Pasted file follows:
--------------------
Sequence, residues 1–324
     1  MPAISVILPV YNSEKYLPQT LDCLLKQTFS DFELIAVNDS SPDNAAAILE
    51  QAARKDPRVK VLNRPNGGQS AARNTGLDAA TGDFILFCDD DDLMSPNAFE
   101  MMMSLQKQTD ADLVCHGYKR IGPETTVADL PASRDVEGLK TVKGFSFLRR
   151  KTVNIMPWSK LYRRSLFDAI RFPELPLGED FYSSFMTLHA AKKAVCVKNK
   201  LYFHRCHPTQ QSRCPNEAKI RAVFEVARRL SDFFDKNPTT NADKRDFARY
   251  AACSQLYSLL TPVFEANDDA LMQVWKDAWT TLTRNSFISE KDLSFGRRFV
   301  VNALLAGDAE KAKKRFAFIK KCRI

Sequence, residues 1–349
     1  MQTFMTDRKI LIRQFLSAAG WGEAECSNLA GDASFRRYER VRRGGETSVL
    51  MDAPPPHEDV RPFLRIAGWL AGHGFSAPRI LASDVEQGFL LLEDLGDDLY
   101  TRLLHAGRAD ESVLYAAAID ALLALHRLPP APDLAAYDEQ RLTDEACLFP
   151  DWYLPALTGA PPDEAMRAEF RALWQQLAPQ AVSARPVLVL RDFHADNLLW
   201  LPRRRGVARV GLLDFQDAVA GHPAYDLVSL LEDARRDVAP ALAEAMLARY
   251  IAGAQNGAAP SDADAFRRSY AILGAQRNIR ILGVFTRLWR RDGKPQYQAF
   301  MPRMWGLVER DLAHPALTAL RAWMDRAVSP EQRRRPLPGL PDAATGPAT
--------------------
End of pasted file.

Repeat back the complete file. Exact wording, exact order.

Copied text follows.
Sequence, residues 1–324
     1  MPAISVILPV YNSEKYLPQT LDCLLKQTFS DFELIAVNDS SPDNAAAILE
    51  QAARKDPRVK VLNRPNGGQS AARNTGLDAA TGDFILFCDD DDLMSPNAFE
   101  MMMSLQKQTD ADLVCHGYKR IGPETTVADL PASRDVEGLK TVKGFSFLRR
   151  KTVNIMPWSK LYRRSLFDAI RFPELPLGED FYSSFMTLHA AKKAVCVKNK
   201  LYFHRCHPTQ QSRCPNEAKI RAVFEVARRL SDFFDKNPTT NADKRDFARY
   251  AACSQLYSLL TPVFEANDDA LMQVWKDAWT TLTRNSFISE KDLSFGRRFV
   301  VNALLAGDAE KAKKRFAFIK KCRI

Sequence, residues 1–349
     1  MQTFMTDRKI LIRQFLSAAG WGEAECSNLA GDASFRRYER VRRGGETSVL
    51  MDAPPPHEDV RPFLRIAGWL AGHGFSAPRI LASDVEQGFL LLEDLGDDLY
   101  TRLLHAGRAD ESVLYAAAID ALLALHRLPP APDLAAYDEQ RLTDEACLFP
   151  DWYLPALTGA PPDEAMRAEF RALWQQLAPQ AVSARPVLVL RDFHADNLLW
   201  LPRRRGVARV GLLDFQDAVA GHPAYDLVSL LEDARRDVAP ALAEAMLARY
   251  IAGAQNGAAP SDADAFRRSY AILGAQRNIR ILGVFTRLWR RDGKPQYQAF
   301  MPRMWGLVER DLAHPALTAL RAWMDRAVSP EQRRRPLPGL PDAATGPAT